The federal government has recorded thousands of taped phone conversations that they have been using in their case against white collar defendants. However, a federal judge criticized white collar investigators for their often-sloppy wiretap management in the case against Craig Drimal, proving that this type of evidence can pose challenges in the courtroom.
Evidence from wiretaps was used to file charges against Drimal and 13 other Wall Street business professionals. According to prosecutors, the recorded conversations among the former traders led them to believe that they were guilty of insider training. Prosecutors believe that Drimal and his associates generated approximately $20 million in illegal profits.
The use of wiretaps has been contested by the defendants because it appears investigators may have been abusing the wiretaps. The judge involved in the Drimal case made statements that suggest he will not suppress the wiretap evidence. However, he did have some harsh words for the investigators and prosecutors involved in the case.
Drimal's attorney asked the courts to consider suppressing the evidence found through the wiretap because the government has violated Drimal's privacy by listening to personal phone conversations he had with his wife.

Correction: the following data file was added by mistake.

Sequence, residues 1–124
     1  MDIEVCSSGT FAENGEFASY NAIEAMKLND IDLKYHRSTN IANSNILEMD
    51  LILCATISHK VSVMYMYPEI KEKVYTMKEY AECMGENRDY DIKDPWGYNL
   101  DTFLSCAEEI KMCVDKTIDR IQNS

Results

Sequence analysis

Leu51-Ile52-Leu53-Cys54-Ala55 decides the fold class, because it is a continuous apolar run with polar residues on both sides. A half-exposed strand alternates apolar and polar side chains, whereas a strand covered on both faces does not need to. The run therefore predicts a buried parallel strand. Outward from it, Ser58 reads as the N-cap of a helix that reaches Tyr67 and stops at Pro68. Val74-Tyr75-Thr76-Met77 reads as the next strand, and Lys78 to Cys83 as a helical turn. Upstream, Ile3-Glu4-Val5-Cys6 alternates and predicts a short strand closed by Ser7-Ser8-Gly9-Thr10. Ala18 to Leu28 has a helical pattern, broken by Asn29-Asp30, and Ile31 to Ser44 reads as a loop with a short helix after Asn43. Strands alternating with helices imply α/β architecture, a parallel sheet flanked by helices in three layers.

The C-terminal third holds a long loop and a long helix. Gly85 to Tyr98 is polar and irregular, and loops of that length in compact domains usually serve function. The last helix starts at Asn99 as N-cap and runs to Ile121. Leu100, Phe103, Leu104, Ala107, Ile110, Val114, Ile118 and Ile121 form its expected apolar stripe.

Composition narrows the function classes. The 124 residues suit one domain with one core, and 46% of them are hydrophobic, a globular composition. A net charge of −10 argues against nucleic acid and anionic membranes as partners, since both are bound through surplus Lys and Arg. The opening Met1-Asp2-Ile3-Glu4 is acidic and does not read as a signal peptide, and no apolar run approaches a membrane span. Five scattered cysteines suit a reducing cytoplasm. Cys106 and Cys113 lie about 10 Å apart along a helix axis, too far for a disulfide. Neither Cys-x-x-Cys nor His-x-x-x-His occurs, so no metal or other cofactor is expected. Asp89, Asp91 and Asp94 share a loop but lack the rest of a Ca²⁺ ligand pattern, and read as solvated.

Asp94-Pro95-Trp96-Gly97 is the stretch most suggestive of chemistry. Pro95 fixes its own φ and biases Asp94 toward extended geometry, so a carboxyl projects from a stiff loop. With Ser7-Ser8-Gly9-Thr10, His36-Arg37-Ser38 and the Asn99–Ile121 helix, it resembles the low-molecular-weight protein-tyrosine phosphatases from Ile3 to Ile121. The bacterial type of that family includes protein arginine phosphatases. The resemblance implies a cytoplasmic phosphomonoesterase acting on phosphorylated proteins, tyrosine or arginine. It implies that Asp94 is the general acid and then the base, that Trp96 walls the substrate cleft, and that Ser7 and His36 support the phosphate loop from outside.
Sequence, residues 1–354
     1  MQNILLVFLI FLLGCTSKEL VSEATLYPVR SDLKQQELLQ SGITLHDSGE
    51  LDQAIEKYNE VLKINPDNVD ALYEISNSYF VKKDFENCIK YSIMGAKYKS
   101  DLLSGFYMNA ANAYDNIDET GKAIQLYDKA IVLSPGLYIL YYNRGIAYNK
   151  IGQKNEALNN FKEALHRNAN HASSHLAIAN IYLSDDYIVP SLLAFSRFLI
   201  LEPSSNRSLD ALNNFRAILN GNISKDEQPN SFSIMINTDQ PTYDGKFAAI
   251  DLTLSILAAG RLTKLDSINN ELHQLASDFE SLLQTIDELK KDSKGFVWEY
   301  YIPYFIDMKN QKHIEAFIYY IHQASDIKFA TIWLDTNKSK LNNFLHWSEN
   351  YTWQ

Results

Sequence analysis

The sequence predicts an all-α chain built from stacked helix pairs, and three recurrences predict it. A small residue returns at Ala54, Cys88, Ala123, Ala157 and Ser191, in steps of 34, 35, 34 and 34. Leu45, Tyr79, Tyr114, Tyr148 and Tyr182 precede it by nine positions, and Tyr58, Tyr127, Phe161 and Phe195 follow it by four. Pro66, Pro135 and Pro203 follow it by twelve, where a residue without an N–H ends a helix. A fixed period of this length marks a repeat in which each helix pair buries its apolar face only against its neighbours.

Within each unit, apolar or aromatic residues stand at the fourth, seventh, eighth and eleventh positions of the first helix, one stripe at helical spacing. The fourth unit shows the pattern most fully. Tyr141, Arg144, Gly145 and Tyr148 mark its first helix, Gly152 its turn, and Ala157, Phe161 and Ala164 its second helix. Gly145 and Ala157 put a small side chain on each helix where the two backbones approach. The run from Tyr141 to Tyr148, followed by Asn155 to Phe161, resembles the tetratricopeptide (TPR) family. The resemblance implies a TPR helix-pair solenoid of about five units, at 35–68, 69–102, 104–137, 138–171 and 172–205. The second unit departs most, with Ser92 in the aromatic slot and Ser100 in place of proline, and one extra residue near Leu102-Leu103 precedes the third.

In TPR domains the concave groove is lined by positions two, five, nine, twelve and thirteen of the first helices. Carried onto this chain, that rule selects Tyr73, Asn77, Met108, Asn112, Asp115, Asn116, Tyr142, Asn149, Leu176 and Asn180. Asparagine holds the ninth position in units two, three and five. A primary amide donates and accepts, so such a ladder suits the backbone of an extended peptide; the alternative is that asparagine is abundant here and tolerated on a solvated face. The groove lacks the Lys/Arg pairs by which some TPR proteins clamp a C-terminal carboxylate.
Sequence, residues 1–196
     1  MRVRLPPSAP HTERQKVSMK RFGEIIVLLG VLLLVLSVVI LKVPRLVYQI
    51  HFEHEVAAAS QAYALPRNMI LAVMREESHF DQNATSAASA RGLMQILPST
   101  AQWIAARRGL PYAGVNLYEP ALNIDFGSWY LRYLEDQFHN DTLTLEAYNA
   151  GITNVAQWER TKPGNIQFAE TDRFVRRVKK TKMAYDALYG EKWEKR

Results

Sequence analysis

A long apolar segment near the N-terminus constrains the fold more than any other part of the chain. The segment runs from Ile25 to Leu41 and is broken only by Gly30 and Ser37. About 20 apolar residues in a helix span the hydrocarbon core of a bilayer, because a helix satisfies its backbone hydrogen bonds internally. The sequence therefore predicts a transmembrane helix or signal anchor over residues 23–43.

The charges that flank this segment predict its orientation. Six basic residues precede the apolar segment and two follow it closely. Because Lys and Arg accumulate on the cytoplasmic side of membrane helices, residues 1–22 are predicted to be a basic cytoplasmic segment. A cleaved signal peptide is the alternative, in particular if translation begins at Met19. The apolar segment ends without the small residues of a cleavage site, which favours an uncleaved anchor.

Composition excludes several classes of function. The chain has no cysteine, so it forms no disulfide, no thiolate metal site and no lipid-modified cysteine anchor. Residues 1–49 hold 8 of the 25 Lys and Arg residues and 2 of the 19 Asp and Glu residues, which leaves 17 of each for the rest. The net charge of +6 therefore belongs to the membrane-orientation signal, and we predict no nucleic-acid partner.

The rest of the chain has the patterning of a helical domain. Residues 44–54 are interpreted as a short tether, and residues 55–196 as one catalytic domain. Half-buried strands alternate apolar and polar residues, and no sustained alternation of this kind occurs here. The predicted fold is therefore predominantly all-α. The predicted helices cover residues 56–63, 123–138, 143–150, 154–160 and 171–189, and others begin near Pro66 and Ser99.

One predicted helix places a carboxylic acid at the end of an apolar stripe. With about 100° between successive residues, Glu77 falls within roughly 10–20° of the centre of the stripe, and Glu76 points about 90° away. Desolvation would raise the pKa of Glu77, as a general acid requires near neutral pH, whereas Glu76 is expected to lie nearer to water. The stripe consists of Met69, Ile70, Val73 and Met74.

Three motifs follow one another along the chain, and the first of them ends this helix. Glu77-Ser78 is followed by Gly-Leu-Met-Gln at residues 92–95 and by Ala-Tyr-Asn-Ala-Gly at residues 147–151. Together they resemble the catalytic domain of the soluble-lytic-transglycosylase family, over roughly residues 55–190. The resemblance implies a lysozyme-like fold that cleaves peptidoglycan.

According to court transcripts, the judge said that there was no question in his mind that quite a few of the calls were inappropriately monitored. The judge referred to way these calls were monitored as "disgraceful" and said that they were an embarrassment to the federal investigators.
The attorney suggested suppressing one month's worth of calls. However, the judge cautioned that he might not grant the suppression, instead allowing all wiretap evidence to be used against Drimal.
This story illustrates the important role a criminal defense attorney has in challenging evidence. Even if the judge in the Drimal case does not suppress the wiretap evidence against the defendant, such a failure to suppress evidence is often the foundation of a strong appeal and an appeals court could easily rules that the wiretap evidence should have been suppressed.
Source: Reuters, "White-collar wiretaps can lead to legal challenges," Andrew Longstreth, 3/17/2011